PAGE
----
Behind The Scenes Secrets From 'Ghostbusters' Most People Have Never Heard
With a cast full of clowns like Dan Aykroyd, Bill Murray, and Rick Moranis, it's no surprise there are some wacky Ghostbusters behind-the-scenes secrets. Perhaps the most fascinating pieces of Ghostbusters trivia actually pertain to the somewhat hectic production process. That said, some not-so-funny things were going on as well, like a lawsuit brought on by Huey Lewis.
Ghostbusters is not only considered one of the best movies of the '80s, but also frequently said to be one of the top 100 comedies of all time. Its success has spawned spinoff cartoons, video games, a reboot, and even a 2020 sequel, Ghostbusters: Afterlife.
Despite its warm reception, you probably don't know a lot of things about the original Ghostbusters, so let's rectify that. Here are a bunch of interesting Ghostbusters facts, and miraculously, there aren't even spoilers (although the film is more than 30 years old, so if you haven't seen it yet, you don't really have an excuse).
The Supernatural Is Dan Aykroyd's 'Family Business'
Dan Aykroyd grew up on a farm in Ontario, Canada, where his family held regular seances for generations. This went as far back as Aykroyd's great-grandfather - who was a "renowned spiritualist." According to Vanity Fair, the family had a medium through whom they regularly channeled souls from the other side (supposedly). Aykroyd's grandfather carried on the ghostly endeavors as he sought a way to contact the deceased through radio frequencies.
And Aykroyd's father wrote A History of Ghosts: The True Story of Seances, Mediums, Ghosts and Ghostbusters. All of this played an integral role in Aykroyd's writing of Ghostbusters.
It Was Originally Written With John Belushi In Mind To Star Before He DiedPhoto: Animal House/Universal Pictures / Amazon
Dan Aykroyd's SNL costar, John Belushi, died of a drug overdose in 1982 in the midst of his meteoric rise to stardom. “[Ghostbusters was originally] written for John [Belushi] and I,” Aykroyd told Vanity Fair. “I was writing a line for John, and [talent manager and eventual Ghostbusters executive producer] Bernie Brillstein called and said they just found him. It was a Kennedy moment... We loved each other as brothers.”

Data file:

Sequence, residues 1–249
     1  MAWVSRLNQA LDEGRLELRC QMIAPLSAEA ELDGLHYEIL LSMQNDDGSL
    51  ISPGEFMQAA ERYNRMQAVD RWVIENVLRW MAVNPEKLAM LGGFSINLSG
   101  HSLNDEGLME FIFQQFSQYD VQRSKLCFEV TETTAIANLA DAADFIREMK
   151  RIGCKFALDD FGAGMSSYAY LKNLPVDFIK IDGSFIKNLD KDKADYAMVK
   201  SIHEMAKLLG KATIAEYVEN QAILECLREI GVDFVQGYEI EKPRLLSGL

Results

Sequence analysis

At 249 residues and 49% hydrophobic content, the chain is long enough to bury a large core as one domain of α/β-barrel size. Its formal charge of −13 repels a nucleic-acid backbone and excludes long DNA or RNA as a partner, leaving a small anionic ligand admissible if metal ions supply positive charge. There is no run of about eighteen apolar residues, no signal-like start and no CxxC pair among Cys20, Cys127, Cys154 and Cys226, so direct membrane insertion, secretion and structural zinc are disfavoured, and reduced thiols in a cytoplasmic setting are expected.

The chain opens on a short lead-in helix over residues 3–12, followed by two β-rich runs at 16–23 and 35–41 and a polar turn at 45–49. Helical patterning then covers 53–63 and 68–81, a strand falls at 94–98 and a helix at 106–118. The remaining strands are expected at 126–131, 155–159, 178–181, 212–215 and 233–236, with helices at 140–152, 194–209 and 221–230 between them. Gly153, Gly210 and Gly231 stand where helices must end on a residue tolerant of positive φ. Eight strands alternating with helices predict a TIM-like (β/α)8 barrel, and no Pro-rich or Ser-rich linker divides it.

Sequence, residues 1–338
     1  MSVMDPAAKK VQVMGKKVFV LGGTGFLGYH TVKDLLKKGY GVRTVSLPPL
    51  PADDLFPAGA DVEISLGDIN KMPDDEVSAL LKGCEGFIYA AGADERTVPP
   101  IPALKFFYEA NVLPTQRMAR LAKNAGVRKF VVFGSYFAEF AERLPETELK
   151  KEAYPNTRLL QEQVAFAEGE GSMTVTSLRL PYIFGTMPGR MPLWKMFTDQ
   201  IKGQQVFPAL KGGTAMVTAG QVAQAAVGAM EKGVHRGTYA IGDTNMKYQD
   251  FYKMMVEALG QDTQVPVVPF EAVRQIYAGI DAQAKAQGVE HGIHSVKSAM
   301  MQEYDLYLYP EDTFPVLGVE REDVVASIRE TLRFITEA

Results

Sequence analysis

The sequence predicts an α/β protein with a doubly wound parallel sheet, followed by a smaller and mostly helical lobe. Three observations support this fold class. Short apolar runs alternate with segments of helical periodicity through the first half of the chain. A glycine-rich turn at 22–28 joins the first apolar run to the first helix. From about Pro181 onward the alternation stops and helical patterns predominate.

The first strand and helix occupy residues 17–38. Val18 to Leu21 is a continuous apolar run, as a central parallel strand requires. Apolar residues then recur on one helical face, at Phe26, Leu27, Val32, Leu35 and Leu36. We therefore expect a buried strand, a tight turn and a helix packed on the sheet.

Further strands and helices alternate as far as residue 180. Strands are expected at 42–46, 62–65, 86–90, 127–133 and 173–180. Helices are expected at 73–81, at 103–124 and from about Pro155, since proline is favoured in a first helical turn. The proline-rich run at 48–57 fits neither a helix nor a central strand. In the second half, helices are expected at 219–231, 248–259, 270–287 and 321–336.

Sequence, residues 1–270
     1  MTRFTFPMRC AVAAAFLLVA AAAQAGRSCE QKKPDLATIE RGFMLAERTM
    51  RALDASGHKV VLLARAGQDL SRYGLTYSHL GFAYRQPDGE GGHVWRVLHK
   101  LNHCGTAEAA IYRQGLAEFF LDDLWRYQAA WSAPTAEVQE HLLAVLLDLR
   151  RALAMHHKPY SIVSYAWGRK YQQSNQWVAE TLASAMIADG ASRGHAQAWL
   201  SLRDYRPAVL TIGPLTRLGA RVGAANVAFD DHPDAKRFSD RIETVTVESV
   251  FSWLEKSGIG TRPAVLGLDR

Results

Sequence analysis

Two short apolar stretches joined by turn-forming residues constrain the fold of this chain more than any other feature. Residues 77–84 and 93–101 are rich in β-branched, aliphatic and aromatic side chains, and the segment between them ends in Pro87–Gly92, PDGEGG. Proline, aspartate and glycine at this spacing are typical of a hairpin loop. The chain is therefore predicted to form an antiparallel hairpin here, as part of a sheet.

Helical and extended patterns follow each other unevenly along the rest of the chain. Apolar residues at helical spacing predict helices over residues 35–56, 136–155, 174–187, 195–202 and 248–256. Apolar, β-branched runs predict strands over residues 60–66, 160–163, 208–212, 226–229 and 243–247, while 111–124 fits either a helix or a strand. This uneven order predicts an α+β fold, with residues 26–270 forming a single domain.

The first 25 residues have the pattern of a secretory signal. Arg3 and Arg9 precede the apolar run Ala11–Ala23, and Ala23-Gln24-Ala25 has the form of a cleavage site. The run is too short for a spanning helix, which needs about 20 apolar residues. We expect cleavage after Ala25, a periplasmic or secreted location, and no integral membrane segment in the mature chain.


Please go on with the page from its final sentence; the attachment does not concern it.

But Belushi did make his way into the film, at least in spirit. Aykroyd admitted that Slimer's appearance was inspired by Belushi's body type. Perhaps not overly flattering from an outside perspective, but considering their close-knit relationship, Aykroyd clearly did it in his friend's honor.
Sigourney Weaver Snarled Like A Demonic Dog In Her Audition To Prove She Could Pull Off Being Possessed
Sigourney Weaver's audition actually shaped a significant element of the film. It was her idea that the character, Dana Barrett, should behave like a dog when she was possessed. Ivan Reitman told the Guardian, "We were already struggling with the whole key-master/gatekeeper thing, and we didn’t know what to do with it, and it was all worth it for the line: 'My girlfriend’s a dog.'"
Reitman recalled the moment in the audition when Weaver hooked him, saying, "She then got on all fours and started howling like a dog on my coffee table, and I was just fascinated. It was so goofy and funny."
The Movie Was Considered A 'Horrendously' Expensive Risk
“The wisdom in town was that I had made a terrible mistake,” Frank Price, former Columbia chairman, told Vanity Fair vis-à-vis his greenlighting of the project. Even the Columbia studio executives were divided, with some viewing the project as a "horrendously" expensive risk, given how much special effects were required, something virtually unheard of for comedies at the time.
Tom Shales, co-author of Live from New York: An Uncensored History of Saturday Night Live, recalled, “This was not Animal House or Caddyshack or Stripes. Those were all little movies. This was a big, big gamble.” Fortunately, Ghostbusters ended up being the second highest grossing film of 1984 and is still today in the top 50 highest grossing movies of all time.
The Studio Agreed To Finance Bill Murray's 'The Razor's Edge' After He Starred In 'Ghostbusters'
Apparently, everyone involved knew how difficult it was to get Bill Murray to commit to anything. In this instance, it involved a sort of quid pro quo. Murray only agreed to make Ghostbusters after coming to the understanding with Columbia head, Frank Price, that the studio would then back The Razor's Edge. This was a film Murray co-wrote based on a 1940's novel by W. Somerset Maugham. The two eventually reached an agreement, despite the strain it put on an already tight schedule. Even after they got him on board, it was still a struggle to wrangle the mercurial comedian.
Dan Aykroyd told Vanity Fair, “Whenever you can actually put a script into Billy’s hand, as if you were a process server... you gotta look him in the eye [and say], ‘You did receive this.’”
The Original Script Was Far Darker And More Fantastical
Ivan Reitman told Vanity Fair, “It was a screenplay that was impossible to make, but one that had brilliant ideas in it.” Since the original "exhausted" him, they only took bits and pieces of it to make the final product. Interestingly, some elements that were initially in the story were pretty fascinating. It took place in the future, spanning numerous planets and dimensional planes.
The Ghostbusters weren't originally meant to be business owning tradesmen, just more of an adventuring team. Reitman felt the business ownership grounded the film, which is hard to deny, at least when compared to planet hopping ghost hunting.